Early periodontal disease can be treated with a minimally-invasive deep cleaning procedure. This involves scaling – more thorough than a standard cleaning – followed by root planing under local anesthetic to remove tartar and plaque beneath the gum line.
Scaling is carried out with traditional metal instruments or ultrasonic technology, or a combination of both methods. Root planing smooths the surface of the root of the tooth so the gums can re-attach to it effectively.
After-effects of scaling and root planing are usually minimal. Your mouth may be sore for a few days, and some patients experience swelling and bleeding.
Surgical Options and Dental Implants
When periodontal disease has become advanced, it poses a risk of serious issues including tooth and bone loss. Several procedures may be necessary to reverse the effects of advanced periodontitis and replace any lost teeth.
Surgical options include bone or soft tissue grafts and a procedure called flap surgery or pocket reduction that folds back gum tissue to remove the bacteria beneath.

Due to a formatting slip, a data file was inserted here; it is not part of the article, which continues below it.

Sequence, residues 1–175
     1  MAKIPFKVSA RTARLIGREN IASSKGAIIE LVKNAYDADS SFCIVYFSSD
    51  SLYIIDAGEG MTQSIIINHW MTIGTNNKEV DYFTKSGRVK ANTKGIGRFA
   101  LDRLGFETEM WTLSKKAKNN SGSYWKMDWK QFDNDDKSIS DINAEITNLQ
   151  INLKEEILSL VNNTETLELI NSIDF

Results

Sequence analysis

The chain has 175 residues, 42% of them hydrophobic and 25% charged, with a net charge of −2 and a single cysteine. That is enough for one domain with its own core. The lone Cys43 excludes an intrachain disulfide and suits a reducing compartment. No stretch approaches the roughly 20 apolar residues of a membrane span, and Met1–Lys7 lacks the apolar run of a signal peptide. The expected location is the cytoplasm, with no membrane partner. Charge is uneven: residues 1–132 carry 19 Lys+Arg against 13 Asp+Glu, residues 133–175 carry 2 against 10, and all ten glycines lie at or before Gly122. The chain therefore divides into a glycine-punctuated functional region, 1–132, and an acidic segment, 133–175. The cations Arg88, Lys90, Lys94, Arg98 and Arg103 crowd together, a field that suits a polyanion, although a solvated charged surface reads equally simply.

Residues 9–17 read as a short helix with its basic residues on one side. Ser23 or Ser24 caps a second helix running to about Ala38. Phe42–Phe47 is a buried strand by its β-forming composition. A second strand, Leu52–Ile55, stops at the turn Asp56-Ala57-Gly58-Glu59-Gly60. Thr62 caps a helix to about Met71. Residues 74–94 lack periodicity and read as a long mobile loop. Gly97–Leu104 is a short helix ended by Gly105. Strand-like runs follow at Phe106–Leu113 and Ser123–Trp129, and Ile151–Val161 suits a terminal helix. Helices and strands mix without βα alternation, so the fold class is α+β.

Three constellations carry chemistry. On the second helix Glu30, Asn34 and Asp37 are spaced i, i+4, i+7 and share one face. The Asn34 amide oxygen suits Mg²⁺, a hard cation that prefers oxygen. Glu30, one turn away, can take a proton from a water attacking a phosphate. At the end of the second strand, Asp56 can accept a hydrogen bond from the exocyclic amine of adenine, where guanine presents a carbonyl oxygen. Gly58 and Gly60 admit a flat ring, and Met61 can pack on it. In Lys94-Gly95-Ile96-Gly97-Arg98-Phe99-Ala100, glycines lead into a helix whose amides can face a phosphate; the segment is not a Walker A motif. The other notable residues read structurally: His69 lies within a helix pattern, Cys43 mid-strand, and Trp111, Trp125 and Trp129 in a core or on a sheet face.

Dental implants – tooth root replacements that provide a base for removable or permanent artificial teeth – can be fitted to replace missing teeth, as an alternative to traditional dentures and dental bridges.
An implant entails inserting a small titanium post into the bone socket of missing teeth. The jaw bone grows back around the implant, fixing it firmly in the jaw. When the implant has bonded to the bone, an abutment is fitted that will hold the new tooth securely. A crown is then attached to the abutment.
Yes, Periodontitis is Reversible!
While early intervention typically guarantees a successful outcome in the treatment of gingivitis and periodontal disease, improvements in dental procedures and developments in modern dental technology give patients with advanced periodontitis a better chance than ever before of reversing the problem.
So, the short answer to our question “Can periodontitis be reversed?” is: Yes. However, once your course of periodontal disease treatment has been completed, it is crucial that you follow the advice of your dentist or periodontic specialist in order to prevent a recurrence of the problem.
Contact Spokane Dental for guidance on the prevention of gingivitis, and periodontitis.